Momentum doesn’t have that mindset, but the Blairites – Progress, Tomorrow’s Labour and Saving Labour, certainly do.

As for the opaque nature of Saving Labour’s funding, my guess is that much of it comes from big business and the Israel lobby. This isn’t an anti-Semitic smear. Blair was funded by the Zionists through Lord Levy and David Sainsbury. It’s because the Zionist lobby is massively losing support through the BDS movement, which is also supported by many Jews fed up with Israel’s persecution of the Palestinians, that the Zionists in the Labour party have accused Corbyn and his supporters of anti-Semitism. My guess is that Saving Labour won’t reveal who funds them because it would show their opponents to be right about their connection to the rich and to the Israel lobby.

John McDonnell and Anti-Marxist Scaremongering on Thursday’s Question Time

September 18, 2016

I was talking to Mike this evening about John McDonnell’s appearance on Question Time last week, when all the other panelists, including Alistair Campbell, Soubry for the Tories and Dimbleby himself all tried to pile into him and attack himself and Jeremy Corbyn’s leadership of the Labour party. I didn’t see the programme, but heard from Mike that at one point someone attempted to score a point accusing McDonnell of being a Marxist. McDonnell said he was, and that as a Marxist he was overjoyed at the 2008 financial crisis, as this was the kind of massive economic crisis that is caused by capitalism. Mike took this McDonnell answering in the conditional: this is what he would believe, if he was a Marxist. But even if McDonnell is a Marxist – which is debateable – this still is not necessarily a reason why he should be feared or disqualified from government.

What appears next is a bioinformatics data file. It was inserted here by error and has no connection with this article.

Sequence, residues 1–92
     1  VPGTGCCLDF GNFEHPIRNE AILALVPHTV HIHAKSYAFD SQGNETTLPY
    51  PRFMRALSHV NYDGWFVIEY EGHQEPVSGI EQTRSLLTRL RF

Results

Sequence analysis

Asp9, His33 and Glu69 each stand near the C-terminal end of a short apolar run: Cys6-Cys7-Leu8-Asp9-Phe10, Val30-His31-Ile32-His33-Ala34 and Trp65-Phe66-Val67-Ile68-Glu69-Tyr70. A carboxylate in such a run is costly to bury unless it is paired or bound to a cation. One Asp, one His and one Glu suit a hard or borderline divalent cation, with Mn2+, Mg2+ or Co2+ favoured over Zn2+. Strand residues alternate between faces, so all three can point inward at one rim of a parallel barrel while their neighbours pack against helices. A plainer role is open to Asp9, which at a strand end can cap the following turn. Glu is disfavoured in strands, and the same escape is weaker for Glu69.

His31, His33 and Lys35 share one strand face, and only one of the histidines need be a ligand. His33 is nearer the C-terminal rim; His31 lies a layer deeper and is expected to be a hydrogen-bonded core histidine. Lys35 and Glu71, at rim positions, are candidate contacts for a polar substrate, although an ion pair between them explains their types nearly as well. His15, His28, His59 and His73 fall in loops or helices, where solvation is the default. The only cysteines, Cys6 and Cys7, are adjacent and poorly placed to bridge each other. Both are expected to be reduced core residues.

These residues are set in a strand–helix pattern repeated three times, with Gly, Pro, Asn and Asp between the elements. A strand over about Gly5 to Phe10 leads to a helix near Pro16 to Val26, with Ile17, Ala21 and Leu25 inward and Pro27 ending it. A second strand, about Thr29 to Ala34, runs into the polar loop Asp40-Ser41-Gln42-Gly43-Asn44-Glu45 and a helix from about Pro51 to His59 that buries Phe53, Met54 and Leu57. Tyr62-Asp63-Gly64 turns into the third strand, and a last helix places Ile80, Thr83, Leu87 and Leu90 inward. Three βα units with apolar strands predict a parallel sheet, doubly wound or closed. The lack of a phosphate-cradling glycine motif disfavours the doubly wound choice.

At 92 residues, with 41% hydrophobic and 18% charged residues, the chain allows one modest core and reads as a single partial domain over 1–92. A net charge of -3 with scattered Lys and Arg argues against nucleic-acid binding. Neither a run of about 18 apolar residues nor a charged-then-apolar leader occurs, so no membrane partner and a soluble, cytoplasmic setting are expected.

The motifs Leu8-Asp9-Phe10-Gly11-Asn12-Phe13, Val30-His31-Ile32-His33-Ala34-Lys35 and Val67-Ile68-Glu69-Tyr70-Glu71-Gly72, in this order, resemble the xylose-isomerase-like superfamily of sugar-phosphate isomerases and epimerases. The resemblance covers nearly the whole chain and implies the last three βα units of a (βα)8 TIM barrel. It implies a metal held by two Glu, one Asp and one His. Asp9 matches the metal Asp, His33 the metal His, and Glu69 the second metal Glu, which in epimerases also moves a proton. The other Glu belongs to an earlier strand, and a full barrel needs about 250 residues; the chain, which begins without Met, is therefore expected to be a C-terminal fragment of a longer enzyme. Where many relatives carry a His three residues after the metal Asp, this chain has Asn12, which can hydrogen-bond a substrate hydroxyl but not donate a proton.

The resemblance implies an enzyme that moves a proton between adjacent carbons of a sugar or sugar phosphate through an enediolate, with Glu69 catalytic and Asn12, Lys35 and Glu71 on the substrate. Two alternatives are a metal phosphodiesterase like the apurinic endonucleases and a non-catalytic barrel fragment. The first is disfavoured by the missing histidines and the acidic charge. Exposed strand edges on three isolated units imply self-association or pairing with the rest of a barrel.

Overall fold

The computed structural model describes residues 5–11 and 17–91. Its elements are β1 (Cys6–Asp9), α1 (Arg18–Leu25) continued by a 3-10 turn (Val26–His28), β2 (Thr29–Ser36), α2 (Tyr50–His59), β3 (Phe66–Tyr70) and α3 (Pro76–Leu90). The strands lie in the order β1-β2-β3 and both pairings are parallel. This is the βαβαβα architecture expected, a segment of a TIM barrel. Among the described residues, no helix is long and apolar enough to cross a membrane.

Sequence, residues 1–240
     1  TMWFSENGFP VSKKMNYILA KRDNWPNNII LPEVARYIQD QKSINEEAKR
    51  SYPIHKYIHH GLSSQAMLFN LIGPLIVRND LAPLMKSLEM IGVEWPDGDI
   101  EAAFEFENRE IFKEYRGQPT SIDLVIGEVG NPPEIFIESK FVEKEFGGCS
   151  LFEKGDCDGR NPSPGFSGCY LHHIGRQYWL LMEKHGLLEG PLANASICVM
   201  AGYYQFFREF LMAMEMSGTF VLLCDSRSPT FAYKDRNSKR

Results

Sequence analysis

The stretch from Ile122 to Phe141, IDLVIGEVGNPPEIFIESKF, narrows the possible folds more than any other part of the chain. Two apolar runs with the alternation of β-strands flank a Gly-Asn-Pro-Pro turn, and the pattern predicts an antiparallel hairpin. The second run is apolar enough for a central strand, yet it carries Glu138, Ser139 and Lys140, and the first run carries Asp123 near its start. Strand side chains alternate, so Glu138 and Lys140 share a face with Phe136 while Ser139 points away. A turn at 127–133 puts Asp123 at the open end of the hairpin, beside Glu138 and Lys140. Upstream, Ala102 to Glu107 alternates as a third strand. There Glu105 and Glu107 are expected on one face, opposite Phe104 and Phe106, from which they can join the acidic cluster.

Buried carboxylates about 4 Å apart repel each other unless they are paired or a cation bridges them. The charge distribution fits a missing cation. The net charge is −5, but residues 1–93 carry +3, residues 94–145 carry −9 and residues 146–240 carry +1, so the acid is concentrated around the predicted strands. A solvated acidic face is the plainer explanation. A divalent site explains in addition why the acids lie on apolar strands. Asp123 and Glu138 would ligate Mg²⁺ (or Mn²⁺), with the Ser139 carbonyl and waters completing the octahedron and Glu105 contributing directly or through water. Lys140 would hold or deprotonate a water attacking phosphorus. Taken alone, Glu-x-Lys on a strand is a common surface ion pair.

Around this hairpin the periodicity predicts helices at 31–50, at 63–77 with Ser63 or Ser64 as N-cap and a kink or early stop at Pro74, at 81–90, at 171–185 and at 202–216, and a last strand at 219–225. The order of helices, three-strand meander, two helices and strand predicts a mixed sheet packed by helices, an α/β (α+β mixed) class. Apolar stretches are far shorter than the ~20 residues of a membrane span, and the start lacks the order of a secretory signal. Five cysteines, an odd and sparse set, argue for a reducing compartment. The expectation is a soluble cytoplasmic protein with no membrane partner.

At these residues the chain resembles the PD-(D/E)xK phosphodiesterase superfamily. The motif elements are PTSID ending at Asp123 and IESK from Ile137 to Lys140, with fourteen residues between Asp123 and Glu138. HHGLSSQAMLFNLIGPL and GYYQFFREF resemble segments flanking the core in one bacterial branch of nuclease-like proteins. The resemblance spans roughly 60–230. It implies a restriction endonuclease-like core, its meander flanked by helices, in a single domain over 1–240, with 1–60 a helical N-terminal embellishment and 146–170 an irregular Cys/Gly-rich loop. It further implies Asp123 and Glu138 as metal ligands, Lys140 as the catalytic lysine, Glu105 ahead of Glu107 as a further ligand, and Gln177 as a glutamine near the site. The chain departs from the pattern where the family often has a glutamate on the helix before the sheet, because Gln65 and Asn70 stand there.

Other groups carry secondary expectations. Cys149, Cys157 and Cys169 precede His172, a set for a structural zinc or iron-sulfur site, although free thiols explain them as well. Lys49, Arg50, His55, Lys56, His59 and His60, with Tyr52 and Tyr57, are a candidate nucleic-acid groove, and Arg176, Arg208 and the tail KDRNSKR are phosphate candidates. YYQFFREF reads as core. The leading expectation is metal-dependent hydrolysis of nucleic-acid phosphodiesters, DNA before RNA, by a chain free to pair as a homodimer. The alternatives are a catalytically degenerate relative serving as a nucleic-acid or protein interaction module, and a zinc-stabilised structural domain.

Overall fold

There’s a difference between Marxism and Communism. Communism is a form of Marxism, but as historians of the Soviet regime and political scientists will tell you, it is a form of Communism based on the interpretation of Lenin and the Bolsheviks. And I was taught by the tutor at College on the rise of Communism in Russia, that Lenin adapted and reformed Marxism as much as his ideological opponents and enemies in democratic socialism. I should point out here that before he began the course, he made a little speech stating that he wasn’t a Communist, and if, by some accident, he found himself in such a party, he would very soon find himself thrown out of it. This is pretty much true. The official ideology of the Soviet Union was Marxism-Leninism, and it broke with the ideas of the German Social Democrats, and particularly that of Karl Kautsky, as the leading European Marxist party. In 1910 the German Social Democrats (SPD) were world’s leading socialist party. They had 110 deputies in the Reichstag, the German parliament, 720,000 members and over 70 newspapers and periodicals. (See John Kelly, Trade Unions and Socialist Politics, p. 27).

The party had been riven by ideological conflict in the 1890s over Eduard Bernstein’s ‘Revisionism’. Bernstein had argued that Marxism was wrong, and that far from impoverishing the workers in the operation of the ‘iron law of wages’, the workers were becoming more prosperous. He therefore urged a revision of Marxist socialism, abandoning the aspects that were no longer relevant. Instead of the Hegelian dialect, he urged instead that the party should incorporate and adapt the ideals of the great German philosopher, Immanuel Kant. This did not mean abandoning socialism or the nationalisation of industry. Indeed, he saw the emergence of joint-stock companies as the type of capitalist institution, which would gradually become transformed as society developed to produce the new, socialist society of the future. Despite widespread, and fierce opposition, Bernstein was not thrown out of the party. Lenin, who had previously been an admirers of the Germans, really couldn’t understand this. When he met Karl Kautsky, the Austrian leader of German and Austrian Marxism, during his exile from Tsarist Russia, Lenin asked him that question. Kautsky replied that they didn’t do that kind of thing. Lenin went berserk, called him a prostitute, and published a pamphlet attacking Kautsky and denouncing him as a ‘renegade’.